II. Aladdin’s Dream and Dance of the Morning Mist 02.48, 02:58
III. Hindu Dance 02.21, 05:46
IV. Chinese Dance 03.27, 08:08
V. The Marketplace in Ispahan 04.22, 11:36
VI. Dance of the Prisoners 03.32, 16:14
VII. Negro Dance 04.33, 19:46

The weather is like the government, always in the wrong. Jerome K. Jerome (three men in a boat)


The weather is like the government, always in the wrong.

Jerome K. Jerome (1859-1927) Discuss

this day in the yersteryear: The Bahamas Gain Independence from the British Commonwealth (1973)


 

The Bahamas Gain Independence from the British Commonwealth (1973)

 

English: Reception of the American Loyalists b...

English: Reception of the American Loyalists by Great Britain in the Year 1783. Engraving by H. Moses after Benjamin West. (Photo credit: Wikipedia)

The Bahama Islands became a British colony in the 18th century, when they were a haven for pirates such as Blackbeard. After the American Revolution, many Loyalists settled there, bringing slaves to labor on cotton plantations. Later, during the prohibition era in the US, the Bahamas became a base for rum-running. It was not until 1973 that the islands became a sovereign state within the Commonwealth of Nations. What happened to the native tribe that Columbus first encountered there in 1492? More… Discuss

 

this pressed: U.S. sued for not providing attorneys to children in immigration court - Los Angeles Times


Immigrant childrenU.S. sued for not providing attorneys to children in immigration court - Los Angeles Times.

this day in the yesteryear: The Great Train Wreck (1918)


 

English: Great train wreck of 1918

English: Great train wreck of 1918 (Photo credit: Wikipedia)

 


The Great Train Wreck (1918)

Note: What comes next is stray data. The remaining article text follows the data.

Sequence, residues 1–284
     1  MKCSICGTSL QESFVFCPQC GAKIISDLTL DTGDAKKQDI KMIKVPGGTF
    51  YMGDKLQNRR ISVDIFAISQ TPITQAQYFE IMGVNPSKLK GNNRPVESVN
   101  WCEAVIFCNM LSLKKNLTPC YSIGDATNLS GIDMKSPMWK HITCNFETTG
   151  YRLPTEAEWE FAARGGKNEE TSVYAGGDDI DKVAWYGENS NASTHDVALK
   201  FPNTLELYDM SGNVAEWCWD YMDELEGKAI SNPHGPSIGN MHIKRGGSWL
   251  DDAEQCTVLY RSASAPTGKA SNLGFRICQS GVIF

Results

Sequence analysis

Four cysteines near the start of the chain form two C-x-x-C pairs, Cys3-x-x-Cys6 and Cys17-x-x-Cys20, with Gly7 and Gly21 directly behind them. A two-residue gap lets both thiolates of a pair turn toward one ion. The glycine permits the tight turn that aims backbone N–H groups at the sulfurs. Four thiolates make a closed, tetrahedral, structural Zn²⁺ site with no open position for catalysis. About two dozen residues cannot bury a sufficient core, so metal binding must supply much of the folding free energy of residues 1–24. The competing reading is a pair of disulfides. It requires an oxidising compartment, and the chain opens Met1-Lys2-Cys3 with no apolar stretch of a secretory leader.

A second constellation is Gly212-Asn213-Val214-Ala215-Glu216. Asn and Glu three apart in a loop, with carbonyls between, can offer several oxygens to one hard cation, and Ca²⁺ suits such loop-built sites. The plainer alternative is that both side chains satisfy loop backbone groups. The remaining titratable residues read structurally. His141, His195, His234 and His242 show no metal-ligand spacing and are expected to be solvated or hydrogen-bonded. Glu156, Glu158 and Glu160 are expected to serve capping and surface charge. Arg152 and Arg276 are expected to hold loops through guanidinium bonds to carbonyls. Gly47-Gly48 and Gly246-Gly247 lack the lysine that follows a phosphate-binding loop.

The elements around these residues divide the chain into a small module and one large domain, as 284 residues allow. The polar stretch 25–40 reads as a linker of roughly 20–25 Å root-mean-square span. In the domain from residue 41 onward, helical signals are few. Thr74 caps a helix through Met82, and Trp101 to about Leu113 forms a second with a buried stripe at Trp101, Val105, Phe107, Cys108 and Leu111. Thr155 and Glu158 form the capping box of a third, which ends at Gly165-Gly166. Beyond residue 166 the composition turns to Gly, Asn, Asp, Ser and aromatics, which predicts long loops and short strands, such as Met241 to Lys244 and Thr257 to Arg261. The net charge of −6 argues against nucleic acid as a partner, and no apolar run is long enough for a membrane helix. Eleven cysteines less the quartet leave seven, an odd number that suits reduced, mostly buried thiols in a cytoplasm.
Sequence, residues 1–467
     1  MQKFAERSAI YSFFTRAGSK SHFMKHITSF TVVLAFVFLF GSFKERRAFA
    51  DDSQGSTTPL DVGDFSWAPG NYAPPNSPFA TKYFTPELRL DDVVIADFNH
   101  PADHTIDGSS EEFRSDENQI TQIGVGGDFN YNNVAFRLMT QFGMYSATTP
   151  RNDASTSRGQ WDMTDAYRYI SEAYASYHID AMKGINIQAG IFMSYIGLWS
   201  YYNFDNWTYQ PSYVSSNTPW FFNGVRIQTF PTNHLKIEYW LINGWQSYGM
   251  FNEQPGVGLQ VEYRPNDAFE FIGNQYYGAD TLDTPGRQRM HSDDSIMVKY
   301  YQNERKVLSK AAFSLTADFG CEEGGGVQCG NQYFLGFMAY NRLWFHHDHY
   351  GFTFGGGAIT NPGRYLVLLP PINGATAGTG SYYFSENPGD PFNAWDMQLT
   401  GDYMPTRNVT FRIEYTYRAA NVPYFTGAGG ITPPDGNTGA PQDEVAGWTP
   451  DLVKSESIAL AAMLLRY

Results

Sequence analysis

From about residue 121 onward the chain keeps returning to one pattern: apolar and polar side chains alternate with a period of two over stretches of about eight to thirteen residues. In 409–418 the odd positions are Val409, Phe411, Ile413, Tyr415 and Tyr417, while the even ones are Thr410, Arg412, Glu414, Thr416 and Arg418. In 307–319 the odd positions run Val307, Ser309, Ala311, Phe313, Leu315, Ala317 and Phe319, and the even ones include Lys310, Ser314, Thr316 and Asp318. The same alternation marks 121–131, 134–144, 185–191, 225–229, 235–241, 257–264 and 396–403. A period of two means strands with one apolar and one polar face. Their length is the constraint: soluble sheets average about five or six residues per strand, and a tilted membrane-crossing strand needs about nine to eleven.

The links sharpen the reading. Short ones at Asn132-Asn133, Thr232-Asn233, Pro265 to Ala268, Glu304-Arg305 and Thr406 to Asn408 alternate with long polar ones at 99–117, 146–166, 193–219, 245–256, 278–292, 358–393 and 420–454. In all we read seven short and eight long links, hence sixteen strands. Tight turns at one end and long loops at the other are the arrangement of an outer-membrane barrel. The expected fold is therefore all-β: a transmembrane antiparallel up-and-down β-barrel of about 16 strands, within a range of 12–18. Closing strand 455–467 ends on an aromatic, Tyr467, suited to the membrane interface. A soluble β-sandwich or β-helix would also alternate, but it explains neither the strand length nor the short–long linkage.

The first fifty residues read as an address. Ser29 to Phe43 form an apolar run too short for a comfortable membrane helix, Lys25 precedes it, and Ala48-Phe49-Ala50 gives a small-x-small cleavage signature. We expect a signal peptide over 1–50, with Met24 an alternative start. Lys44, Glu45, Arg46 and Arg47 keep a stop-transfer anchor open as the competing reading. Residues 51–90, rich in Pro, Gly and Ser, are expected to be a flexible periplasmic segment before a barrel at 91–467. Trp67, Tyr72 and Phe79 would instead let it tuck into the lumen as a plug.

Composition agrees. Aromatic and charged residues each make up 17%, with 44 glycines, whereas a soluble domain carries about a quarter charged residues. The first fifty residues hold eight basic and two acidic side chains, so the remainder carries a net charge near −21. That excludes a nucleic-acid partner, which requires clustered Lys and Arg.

During the morning rush hour of July 9, 1918, Nashville, Tennessee, became the site of one of the deadliest rail accidents in US history. The head-on collision between two passenger trains killed 101 people and injured 171. Many of the victims were laborers traveling to work at a gunpowder plant outside of Nashville. Both trains were traveling at about 60 mph (96.5 km/h) upon impact, and the sound of the crash could be heard as far as two miles (3.2 km) away. What caused the collision? More… Discuss

 

 

 

word: garrulous


garrulous

Definition: (adjective) Given to excessive and often trivial or rambling talk.
Synonyms: chatty, gabby, loquacious, talkative, talky
Usage: One day the elder Pokrovski came to see us, and chattered in a brisk, cheerful, garrulous sort of way. Discuss.

make music part of your life series: Promenade. (Walking the dog). George Gershwin.


Promenade. (Walking the dog). George Gershwin.

 

make music part of your life series: Sergei Rachmaninoff – Études-Tableaux, Op. 39


Sergei RachmaninoffÉtudes-Tableaux, Op. 39

N. Lugansky, piano

Rachmaninoff, in his later years, toured the U...

Rachmaninoff, in his later years, toured the United States extensively, and became an American citizen shortly before his death. (Photo credit: Wikipedia)

No. 1, in C minor
No. 2, in A minor
No. 3, in F sharp minor
No. 4, in B minor
No. 5, in E flat minor
No. 6, in A minor
No. 7, in C minor
No. 8, in D minor
No. 9, in D major

 

 

today’s birthday: Ferdinand, Graf von Zeppelin (1838)


 

Italiano: Descrizione: Ferdinand Graf von Zepp...

Italiano: Descrizione: Ferdinand Graf von Zeppelin Fonte: http://www.lib.utexas.edu/photodraw/portraits/zeppelin.jpg licenza: (Photo credit: Wikipedia)

 

Ferdinand, Graf von Zeppelin (1838)

 

Zeppelin began working with balloons for human transport as an observer during the American Civil War. In 1891, he retired from the Prussian army to devote himself to building motor-driven airships. Zeppelin invented the first rigid airship in 1900, but the experiment exhausted his funds. Luckily, public opinion was so strongly in favor of his airship project that donations largely financed his future work. Whom did his granddaughter later threaten to sue for sullying her family’s name? More… Discuss